3) This is for a quality driver car that is primarily for your own use but possibly with the intention of selling down the road. This third group is for the marketplace that is DeTomaso Pantera knowledgable. You would probably get the same dollar as 2) but the marketplace would be among the DeTomaso aware. You may not get all the money back that you invested in the car.

This type of car purely and simply looks like a car that DeTomaso built as a Pantera, L, GTS, GT4, GT5 or GT5S. It is fully sorted out - and has no "buts". Everything works and works well. Hop in and drive. (David Berman's GT5 comes to mind, or Will Dimello's Grp 4)
For example: it would use quality parts such as "Pantera Electronics", upgraded shocks and springs, Upgraded "Willwood" brakes, upgraded engine components (intake, carburtation, etc.), upgraded interior (i.e. GT5 or GT5S leather interior in an early car.), upgraded wiring and electric motors etc.

Summing it all up: If you intend to sell, just like any presentation or sale - know your market and marketplace and target you product for that market.

Personally, I would go for the largest market and let the market bid for your car - which means my suggestion is 2).


Originally posted by A Hudson:
Let me just pile on the advice to keep it stock looking, limiting mods toward reliability and safety.

Auction prices have supported this, as have recent 'wanted' queries. The market seems to have less tolerance for 'personalization'.

this is the fact : personalization...this means also that what "you" like mostly won't like another probably no value , worse, less value as original parts are missing....

I daire to say , IMHO, and without offending someone , the worst thing i see are those bigger aftermarket wheels.... as if they are wannebe Ferraris from the '90ties... what i see are 4 big wheels and a car i mean, again ,a personal feeling.

My friend bought a GT5S in the US...ok, a bit cheaper then mine...but with horrible wheels , what do you guys call it , redneck wheels ? Smiler,
now.. if he want"s the originals...? he will be still have bought cheaper???? don't think so...

no, safety , yes , as you want to drive the car , coilovers,brakes,tires....HP,yes,manifold,carb... internals... but keep the look "cleveland" Big Grin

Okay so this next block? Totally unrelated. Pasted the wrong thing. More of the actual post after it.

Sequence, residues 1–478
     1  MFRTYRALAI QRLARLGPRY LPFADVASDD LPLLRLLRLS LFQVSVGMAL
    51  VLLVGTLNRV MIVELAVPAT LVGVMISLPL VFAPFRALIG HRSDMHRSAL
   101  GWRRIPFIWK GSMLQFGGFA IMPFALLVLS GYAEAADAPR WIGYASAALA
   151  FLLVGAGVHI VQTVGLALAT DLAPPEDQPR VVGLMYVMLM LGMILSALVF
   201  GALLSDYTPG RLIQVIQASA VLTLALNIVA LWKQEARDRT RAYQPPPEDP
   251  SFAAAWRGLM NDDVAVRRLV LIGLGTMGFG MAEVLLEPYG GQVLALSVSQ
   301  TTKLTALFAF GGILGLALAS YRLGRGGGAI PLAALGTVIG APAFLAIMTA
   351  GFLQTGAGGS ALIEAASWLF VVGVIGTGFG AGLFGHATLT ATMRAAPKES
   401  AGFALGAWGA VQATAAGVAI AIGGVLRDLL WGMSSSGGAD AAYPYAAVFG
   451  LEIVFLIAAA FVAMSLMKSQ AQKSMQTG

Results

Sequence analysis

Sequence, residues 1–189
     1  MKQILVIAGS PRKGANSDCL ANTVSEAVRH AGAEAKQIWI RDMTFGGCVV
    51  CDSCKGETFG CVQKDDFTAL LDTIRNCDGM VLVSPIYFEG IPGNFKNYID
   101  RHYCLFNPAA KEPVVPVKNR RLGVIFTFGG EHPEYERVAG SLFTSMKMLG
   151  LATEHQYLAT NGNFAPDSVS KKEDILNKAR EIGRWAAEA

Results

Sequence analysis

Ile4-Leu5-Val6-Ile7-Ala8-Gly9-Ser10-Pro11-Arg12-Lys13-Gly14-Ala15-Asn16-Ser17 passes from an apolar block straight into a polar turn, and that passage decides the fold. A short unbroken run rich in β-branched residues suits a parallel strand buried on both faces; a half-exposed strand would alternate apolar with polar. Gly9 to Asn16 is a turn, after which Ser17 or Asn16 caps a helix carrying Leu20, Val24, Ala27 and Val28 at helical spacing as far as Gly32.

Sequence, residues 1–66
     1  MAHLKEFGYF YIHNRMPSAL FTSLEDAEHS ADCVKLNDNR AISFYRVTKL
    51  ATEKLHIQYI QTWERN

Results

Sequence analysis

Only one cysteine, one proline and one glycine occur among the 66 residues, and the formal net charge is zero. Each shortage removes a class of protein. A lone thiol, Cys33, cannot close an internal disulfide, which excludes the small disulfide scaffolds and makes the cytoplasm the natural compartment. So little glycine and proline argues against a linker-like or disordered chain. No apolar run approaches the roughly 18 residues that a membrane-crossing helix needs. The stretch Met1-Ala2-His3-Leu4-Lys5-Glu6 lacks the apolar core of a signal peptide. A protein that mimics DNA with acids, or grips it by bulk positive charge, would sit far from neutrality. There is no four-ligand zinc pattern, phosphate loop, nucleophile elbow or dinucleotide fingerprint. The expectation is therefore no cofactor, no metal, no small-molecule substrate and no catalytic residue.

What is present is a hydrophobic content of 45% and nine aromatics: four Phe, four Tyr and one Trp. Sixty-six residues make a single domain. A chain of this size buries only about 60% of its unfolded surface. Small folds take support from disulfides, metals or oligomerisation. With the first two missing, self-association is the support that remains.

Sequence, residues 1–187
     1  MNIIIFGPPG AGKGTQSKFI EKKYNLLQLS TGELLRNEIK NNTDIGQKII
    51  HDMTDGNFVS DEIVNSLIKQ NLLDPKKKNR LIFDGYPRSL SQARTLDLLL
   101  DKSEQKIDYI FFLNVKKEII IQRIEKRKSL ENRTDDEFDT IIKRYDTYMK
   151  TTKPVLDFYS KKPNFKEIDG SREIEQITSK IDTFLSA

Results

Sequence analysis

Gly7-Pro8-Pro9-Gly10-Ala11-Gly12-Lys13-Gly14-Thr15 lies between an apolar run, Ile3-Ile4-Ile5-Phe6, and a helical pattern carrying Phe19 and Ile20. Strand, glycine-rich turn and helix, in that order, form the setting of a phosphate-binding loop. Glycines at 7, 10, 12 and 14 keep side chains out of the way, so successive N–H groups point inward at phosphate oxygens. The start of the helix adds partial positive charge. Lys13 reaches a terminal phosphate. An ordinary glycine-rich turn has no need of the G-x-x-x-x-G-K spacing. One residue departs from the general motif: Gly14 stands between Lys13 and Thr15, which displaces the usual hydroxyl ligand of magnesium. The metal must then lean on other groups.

This is my opinion no offense intended. Come on guys the Pantera in the world of exotics is not knows as a really well built car. The factory used really nasty looking vinyl for the interior. The brakes are not very good. The car sits up too high. They overheat. Their electrical system sucks....... ETC. This is the exact reason most owners perform mods to their cars. Most mods are simple functional things like upgrading the cooling system. BTW in my book installing a fluidyne radiator is not considered a mod. Its a must. Many owners get rid of that ugly vinyl and replace the interior with leather. I have seen some interiors so well done that they look stock but in leather. Others have turned their cars into the rice burner looking thing. One thing I hate are those ricky racer seats. They look wrong for the car. Definitely not period. The bottom line for me is that its ok to modify it as long as the period thing is retained.

BTW this is the main reason I am becoming less and less interested in Ferrari / Alfa. Those guys look at even the hose clamps and bitch that they are not original. That is rediculous.
ItalFord ...

Your bottom line is RIGHT ON !!!.

BTW I have NOT seen a restored original "1)" car yet. EVERY car, I have seen, WITHOUT EXCEPTION has had engine mods, brake mods, repaint, cooling mods, suspension mods, electrical mods. Owners need to do this to make the car livable and, in my opinion, if they have in mind - sellable. A "1)" car is more of a museum piece - Not the type of car you would want to drive around in regularly.